|via Flickr CC license, by kyknoord|
Three completely unrelated statements have sunk their talons into me recently; the first an ancient proverb, one from the higher education literature, and one from a management seminar I took a few months ago:
"You can lead a horse to water, but you can't make it drink."
"Lifelong learners become so because they find learning fun."1
"We can't motivate people, we can only create an environment that allows people to choose to be motivated." 2
It struck me that these statements are actually one and the same when it comes to library instruction. It boils down to this for me:
We can't teach people information literacy skills. However, we can create a learning environment that allows students to see the value to them in obtaining these skills. If we can do that, only then can we take the next step in supporting/guiding their exploration and eventual mastery of these essential lifelong skills as they apply to their own interests and needs.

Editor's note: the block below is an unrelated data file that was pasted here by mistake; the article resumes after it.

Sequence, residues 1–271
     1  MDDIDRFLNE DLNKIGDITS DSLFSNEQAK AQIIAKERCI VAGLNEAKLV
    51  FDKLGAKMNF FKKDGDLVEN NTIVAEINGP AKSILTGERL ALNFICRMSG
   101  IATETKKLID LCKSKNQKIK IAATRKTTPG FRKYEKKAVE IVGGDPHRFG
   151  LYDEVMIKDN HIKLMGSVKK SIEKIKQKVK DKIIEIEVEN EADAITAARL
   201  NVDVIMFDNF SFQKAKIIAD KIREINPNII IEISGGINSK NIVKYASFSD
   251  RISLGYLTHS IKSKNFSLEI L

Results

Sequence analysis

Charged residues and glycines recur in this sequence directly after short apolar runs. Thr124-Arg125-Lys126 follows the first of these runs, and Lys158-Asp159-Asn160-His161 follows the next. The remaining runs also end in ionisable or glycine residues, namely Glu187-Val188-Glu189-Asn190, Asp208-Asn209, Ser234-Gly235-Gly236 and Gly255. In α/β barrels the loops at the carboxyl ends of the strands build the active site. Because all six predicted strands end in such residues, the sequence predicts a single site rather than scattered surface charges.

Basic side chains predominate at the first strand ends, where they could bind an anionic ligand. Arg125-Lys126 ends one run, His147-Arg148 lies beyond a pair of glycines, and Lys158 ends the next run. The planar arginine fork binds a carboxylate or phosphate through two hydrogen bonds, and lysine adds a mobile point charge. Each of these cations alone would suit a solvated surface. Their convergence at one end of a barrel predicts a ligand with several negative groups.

The Smith-Robbins article quoted above discusses higher education in the context of gaming, which I think is one (but certainly not the only) path that holds lots of potential for us as instructors. If we can harness it effectively, gaming can foster a more interactive and fun environment in which our students might more easily overcome the ever-present barriers to learning: lack of motivation, relevancy and confidence.
This all came together for me, by the way, as I sit here on a Friday afternoon trying to tweak a lesson plan for an upcoming online synchronous workshop on using e-books and books. How can I make the alien and somewhat imposing learning environment of these workshops more "motivating?" In most cases, my students are at home, sitting in front of a computer after a day at work, probably with lots of distractions around, coming together via chat, audio, and applications like a whiteboard, in a virtual space with fellow students from different cities and different departments, and an instructor, all of whom they've never met before. Not an easy task...
- “This Game Sucks”: How to Improve the Gamification of Education. Sarah Smith-Robbins, EDUCAUSE Review, vol. 46, no. 1 (January/February 2011)
- Cherie Cross, National Seminars Management and Leadership Skills workshop, October 27, 2010.